At last, I was on a by-road, nearing the temple itself. Lichen slowly vanished into the green behind me as the stone structure became ever more ominously looming. I noted with a keen eye that vines and ivy had begun to climb up the structure as though it were some mountain to be reclaimed in the name of nature. Most of the windows were missing their glass, and the sigh of the wind through the tall notches made an eerie, whistling groan, like a mad musician blowing vainly into a malformed instrument. The ornately-carved wooden doors hung loosely on their hinges, but yielded easily enough as I cautiously peeped inside.
In direct contrast with the outside, the interior of the temple looked quite ready to host a sermon to an audience of a quarter thousand. The pews, though somewhat rotted, were standing in neat rows, the floors and walls were as clean as a fresh snowfall, and a lectern stood before the absent congregation with a heavy tome open upon it. Candelabrums stood proudly along the temple's supporting pillars, with cold candles looking onto the room like a choir waiting to sing. The howling wind through the empty windows gave the room a ghastly tone, as though all life had been plucked from the room, except, of course, for my own nervously trembling form.
I slowly plodded past the empty rows and up towards the podium. A door on either side led off into separate wings, one for housing the nonexistent clergy and one for healing and bedding the ill and injured. I tried the one to my right on a whim and found it to be locked. Stooping, I could just peer through the rusty keyhole and into the darkness beyond. I could make out some abandoned mats and several curtained doorways by the light that seeped into the room from under the door. The door to the left yielded easily to my hand, and its hinges groaned tiredly as it swung open.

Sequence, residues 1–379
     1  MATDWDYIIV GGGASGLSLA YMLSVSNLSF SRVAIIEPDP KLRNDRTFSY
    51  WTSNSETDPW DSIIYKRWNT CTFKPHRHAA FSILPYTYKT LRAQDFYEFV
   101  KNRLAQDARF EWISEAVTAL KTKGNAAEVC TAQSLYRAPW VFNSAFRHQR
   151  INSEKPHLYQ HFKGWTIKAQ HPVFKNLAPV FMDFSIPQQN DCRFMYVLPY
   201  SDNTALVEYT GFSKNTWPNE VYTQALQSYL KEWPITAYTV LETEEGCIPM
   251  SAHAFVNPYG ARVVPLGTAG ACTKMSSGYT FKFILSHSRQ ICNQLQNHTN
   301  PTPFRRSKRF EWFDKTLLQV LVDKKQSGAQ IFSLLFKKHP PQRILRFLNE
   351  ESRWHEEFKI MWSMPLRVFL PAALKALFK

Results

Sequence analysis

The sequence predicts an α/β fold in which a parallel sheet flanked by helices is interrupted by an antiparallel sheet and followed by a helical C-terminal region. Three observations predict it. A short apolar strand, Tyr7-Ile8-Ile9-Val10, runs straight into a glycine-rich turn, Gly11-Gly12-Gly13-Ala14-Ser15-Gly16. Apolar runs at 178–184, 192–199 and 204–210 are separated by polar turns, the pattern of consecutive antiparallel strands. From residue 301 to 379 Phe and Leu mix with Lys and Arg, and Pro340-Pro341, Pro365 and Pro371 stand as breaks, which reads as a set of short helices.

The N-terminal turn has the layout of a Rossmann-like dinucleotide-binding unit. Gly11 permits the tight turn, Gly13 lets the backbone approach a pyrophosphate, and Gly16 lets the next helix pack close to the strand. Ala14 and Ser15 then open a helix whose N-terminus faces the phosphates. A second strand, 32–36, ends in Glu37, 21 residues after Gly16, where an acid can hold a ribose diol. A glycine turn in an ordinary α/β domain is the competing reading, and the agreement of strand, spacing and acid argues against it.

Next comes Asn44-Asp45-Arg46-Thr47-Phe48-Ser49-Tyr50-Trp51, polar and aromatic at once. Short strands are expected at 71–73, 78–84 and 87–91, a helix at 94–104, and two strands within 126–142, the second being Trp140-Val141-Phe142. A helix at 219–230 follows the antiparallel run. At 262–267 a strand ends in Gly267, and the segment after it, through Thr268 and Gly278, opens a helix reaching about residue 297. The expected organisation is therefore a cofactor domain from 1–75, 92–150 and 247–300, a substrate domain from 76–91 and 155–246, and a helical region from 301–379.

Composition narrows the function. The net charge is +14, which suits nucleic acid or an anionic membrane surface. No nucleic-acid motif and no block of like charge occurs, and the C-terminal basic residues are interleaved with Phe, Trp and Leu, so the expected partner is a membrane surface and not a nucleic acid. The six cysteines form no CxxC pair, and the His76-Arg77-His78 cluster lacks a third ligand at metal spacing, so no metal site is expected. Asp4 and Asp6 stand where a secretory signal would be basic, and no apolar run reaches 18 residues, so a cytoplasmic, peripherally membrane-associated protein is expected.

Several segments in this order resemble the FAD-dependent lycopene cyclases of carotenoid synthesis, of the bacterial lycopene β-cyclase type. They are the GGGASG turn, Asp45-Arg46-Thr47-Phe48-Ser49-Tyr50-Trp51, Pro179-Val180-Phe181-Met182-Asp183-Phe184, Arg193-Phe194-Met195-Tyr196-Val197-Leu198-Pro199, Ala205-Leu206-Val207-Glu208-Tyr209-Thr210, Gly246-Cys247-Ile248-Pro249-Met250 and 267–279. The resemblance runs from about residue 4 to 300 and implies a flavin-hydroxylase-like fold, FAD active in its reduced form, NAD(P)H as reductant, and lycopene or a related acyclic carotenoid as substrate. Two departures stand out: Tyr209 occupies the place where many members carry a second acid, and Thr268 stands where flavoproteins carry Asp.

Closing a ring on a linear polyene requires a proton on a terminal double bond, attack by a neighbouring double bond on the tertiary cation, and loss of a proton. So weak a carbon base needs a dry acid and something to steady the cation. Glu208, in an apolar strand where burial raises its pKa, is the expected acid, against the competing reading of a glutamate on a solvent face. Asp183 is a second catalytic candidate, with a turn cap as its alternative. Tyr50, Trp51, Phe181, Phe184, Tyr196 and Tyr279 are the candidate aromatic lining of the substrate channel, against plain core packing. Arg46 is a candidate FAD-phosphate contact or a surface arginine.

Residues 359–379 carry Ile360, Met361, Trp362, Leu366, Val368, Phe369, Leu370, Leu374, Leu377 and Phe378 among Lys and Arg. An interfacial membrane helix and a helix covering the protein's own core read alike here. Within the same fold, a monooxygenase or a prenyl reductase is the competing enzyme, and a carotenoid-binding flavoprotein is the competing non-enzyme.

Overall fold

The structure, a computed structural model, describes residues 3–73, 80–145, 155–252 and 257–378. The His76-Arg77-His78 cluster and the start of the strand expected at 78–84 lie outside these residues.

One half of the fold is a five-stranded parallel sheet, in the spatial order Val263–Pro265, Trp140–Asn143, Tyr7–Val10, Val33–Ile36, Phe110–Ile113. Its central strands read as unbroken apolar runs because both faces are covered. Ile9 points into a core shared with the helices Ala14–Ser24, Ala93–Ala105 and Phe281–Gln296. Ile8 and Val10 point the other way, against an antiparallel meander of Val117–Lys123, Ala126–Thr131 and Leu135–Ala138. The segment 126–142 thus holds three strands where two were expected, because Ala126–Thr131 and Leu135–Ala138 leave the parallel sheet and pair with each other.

Either side of the hallway was lined with empty doorways, some still bearing evidence that heavy doors had once stood within them. A chilly wind sighed along the corridor, causing each doorway to give a long, aggravated moan. Some faint light streamed in through the windows of the leftmost rooms, but the right ones were filled with an eerie, inky darkness; all except for the last room to the right at the end of the hall. The warm light of a candle danced there, enticing me to move closer. I slowly approached, avoiding the various rubbish that filled the walkway, my breath catching nervously in my throat.
After an immeasurable number of still, tense seconds had past, I finally found myself looking into a small room filled with lit candles, stacks of old tomes, a half-eaten meal of bread, cheese, and fruits, and a recently occupied bedroll, but no priest. A moment after the room's emptiness dawned upon me, I heard the abrasive rustle of heavy cloth behind me and a cold, bony hand wrapped over my dry lips. A deep, rough voice hissed near my ear in an intense tone.